Leslie M. Klevay
Nutritional epidemiologists with the Harvard School of Public Health have studied more than 75,000 nurses for 12 years hoping to identify the causes of chronic diseases such as osteoporosis. In a recent article, they report "that data do not support the hypothesis that higher consumption of milk or other food sources of calcium by adult women protects against hip or forearm fractures." Careful reading of the article reveals that the best statistical association indicates the opposite effect: the higher the intake of dairy calcium (milk, cheese, yogurt, etc.), the higher the hip fracture risk. They suggest that some other characteristic of the dairy foods may have contributed to the elevated risk.
Epidemiologists are always careful to note that statistical association does not prove cause; associations may be the result of chance. One wonders whether or not there may be a reasonable biological explanation for this association: diets high in milk contribute to osteoporosis. I learned in medical school that milk was an excellent food, lacking only copper, iron and vitamin D. Milk has been fortified with vitamin D for more than 50 years.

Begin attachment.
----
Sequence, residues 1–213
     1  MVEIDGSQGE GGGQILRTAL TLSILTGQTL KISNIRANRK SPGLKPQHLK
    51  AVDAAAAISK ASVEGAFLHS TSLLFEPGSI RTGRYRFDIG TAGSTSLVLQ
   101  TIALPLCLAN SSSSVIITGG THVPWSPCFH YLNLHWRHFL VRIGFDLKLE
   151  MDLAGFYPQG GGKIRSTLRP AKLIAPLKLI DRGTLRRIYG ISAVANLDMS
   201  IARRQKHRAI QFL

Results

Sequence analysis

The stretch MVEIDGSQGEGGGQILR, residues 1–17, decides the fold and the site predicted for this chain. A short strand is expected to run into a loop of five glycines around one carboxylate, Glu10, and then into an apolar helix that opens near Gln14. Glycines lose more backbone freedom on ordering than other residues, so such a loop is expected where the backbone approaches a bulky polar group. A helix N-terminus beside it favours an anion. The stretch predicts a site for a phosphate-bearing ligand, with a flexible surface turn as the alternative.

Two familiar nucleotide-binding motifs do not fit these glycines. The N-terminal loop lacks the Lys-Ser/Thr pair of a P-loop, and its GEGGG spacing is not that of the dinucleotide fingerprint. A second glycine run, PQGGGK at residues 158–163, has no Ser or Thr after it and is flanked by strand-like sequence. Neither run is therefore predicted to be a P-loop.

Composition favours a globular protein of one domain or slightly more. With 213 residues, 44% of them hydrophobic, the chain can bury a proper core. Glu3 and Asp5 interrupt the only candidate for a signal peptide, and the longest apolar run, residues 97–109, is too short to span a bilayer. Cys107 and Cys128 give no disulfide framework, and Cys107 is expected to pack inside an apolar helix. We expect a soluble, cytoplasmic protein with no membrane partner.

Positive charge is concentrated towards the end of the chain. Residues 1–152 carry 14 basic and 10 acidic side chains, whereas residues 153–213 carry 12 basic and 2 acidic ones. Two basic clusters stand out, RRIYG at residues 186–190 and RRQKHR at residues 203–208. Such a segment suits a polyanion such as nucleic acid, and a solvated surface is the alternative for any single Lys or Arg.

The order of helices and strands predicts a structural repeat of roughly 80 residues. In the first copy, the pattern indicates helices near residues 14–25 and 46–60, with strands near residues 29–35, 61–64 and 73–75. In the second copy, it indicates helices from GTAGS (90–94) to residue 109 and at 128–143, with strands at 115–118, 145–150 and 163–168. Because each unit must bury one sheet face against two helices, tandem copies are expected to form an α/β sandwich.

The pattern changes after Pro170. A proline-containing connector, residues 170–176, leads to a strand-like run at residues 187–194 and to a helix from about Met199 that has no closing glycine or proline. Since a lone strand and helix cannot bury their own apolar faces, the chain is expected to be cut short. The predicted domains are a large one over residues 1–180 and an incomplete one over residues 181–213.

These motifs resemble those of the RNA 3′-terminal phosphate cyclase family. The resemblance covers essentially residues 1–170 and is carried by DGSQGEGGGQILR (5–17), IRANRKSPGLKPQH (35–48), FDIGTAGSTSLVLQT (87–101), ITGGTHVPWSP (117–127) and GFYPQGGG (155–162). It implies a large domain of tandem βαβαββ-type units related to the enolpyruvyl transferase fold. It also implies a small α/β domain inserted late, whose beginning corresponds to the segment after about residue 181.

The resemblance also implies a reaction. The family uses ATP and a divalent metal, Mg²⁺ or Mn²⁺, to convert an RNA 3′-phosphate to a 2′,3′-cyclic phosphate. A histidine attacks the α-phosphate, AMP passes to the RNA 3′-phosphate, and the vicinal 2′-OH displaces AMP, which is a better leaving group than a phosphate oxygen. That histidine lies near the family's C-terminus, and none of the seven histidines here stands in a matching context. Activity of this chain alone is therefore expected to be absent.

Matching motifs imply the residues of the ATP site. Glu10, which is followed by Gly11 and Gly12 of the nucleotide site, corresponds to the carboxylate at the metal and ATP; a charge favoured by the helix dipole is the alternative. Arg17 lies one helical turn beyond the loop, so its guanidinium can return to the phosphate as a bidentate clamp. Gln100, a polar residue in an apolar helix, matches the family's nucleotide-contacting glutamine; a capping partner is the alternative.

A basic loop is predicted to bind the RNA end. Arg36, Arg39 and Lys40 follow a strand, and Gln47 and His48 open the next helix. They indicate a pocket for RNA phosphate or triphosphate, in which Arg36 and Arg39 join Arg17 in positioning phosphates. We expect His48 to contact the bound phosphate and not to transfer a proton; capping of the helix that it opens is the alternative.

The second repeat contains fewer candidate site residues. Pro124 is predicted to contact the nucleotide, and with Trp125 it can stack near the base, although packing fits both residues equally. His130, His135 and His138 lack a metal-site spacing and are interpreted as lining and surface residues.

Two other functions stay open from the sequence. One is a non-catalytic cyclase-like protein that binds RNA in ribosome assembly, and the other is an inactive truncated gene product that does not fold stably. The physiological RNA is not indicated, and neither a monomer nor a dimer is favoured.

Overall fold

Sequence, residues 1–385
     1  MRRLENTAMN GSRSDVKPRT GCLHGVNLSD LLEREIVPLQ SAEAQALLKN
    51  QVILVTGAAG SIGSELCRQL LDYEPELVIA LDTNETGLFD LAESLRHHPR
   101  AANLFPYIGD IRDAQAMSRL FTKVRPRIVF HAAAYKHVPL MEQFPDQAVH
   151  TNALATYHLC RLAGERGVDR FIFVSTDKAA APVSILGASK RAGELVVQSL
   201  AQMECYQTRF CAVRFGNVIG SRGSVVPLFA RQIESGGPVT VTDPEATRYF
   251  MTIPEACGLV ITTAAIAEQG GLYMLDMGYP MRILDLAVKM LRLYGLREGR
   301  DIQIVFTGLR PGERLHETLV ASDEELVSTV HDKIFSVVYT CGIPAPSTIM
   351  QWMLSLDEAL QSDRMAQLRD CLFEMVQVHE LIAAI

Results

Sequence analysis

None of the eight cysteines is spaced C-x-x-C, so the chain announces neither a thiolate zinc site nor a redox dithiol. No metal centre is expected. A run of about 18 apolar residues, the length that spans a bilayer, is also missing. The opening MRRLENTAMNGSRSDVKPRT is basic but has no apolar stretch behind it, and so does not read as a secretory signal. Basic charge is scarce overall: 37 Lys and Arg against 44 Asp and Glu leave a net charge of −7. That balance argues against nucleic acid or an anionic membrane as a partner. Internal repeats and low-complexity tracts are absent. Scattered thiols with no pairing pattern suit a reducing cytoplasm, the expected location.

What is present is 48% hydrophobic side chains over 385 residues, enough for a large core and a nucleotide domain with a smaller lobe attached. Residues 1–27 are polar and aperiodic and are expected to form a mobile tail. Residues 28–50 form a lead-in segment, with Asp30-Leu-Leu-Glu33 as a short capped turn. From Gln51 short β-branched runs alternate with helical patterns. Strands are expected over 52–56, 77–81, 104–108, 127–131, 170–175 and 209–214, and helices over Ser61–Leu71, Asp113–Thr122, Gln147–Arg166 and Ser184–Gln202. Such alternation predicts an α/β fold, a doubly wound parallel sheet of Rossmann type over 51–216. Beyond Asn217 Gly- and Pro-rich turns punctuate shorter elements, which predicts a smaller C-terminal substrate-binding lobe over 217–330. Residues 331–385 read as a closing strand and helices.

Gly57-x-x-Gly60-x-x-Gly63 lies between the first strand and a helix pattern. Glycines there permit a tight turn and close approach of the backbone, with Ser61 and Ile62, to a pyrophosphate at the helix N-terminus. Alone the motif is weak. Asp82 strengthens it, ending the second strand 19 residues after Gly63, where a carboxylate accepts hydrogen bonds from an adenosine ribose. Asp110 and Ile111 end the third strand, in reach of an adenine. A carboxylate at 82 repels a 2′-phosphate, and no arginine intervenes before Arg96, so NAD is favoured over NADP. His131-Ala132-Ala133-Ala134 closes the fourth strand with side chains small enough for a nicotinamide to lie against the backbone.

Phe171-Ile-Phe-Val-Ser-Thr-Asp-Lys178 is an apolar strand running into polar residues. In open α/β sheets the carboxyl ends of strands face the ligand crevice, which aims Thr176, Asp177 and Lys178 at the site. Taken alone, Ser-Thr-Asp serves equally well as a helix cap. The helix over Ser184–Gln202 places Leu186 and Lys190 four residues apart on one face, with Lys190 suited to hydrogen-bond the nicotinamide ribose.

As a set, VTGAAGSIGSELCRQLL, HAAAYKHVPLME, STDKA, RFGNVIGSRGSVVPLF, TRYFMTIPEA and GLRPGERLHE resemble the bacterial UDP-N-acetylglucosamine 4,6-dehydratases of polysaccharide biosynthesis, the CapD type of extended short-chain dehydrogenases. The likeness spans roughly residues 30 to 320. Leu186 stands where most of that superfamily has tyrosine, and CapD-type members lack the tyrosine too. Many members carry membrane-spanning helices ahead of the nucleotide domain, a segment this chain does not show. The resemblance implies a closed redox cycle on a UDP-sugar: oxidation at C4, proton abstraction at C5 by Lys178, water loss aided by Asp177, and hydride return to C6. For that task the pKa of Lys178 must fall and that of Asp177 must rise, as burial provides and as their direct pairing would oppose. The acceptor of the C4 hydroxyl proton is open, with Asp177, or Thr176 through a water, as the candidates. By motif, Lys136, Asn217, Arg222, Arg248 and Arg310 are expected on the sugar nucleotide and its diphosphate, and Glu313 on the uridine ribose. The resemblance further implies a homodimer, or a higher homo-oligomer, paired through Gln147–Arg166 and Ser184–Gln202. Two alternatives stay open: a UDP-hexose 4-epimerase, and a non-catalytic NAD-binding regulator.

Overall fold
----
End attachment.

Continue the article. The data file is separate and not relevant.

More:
Recently, I uncovered some interesting and important old articles while preparing to speak at the recent International Meeting on Copper in Ravello, Italy. Numerous articles on children deficient in copper reveal osteoporosis characterized by relatively transparent bones on x-ray. A text of nutritional pathology published in 1958 contains picture of dogs with deformed feet caused by copper deficiency. Two other research groups published similar pictures of deficient pigs. Some of the classical experiments on copper deficiency were done by feeding the animals milk diets.
We at the Grand Forks Human Nutrition Research Center and others have found microscopic evidence of bone disease in mildly copper deficient animals. We have measured bone strength in copper deficient animals and found the bone to be weak.
Some medical scientists examining this evidence may wonder whether or not copper supplements may benefit women who have osteoporosis. Randomized trials in California and Northern Ireland have confirmed the benefit of supplements containing copper.
Because the U.S. diet is generally low in copper, and copper deficiency can produce bone disease, it seems time to consider the possibility that these low-copper diets may contribute to osteoporosis. I propose that the higher fracture rate in nurses who consume more dairy calcium may have been from a concomitantly lower copper intake.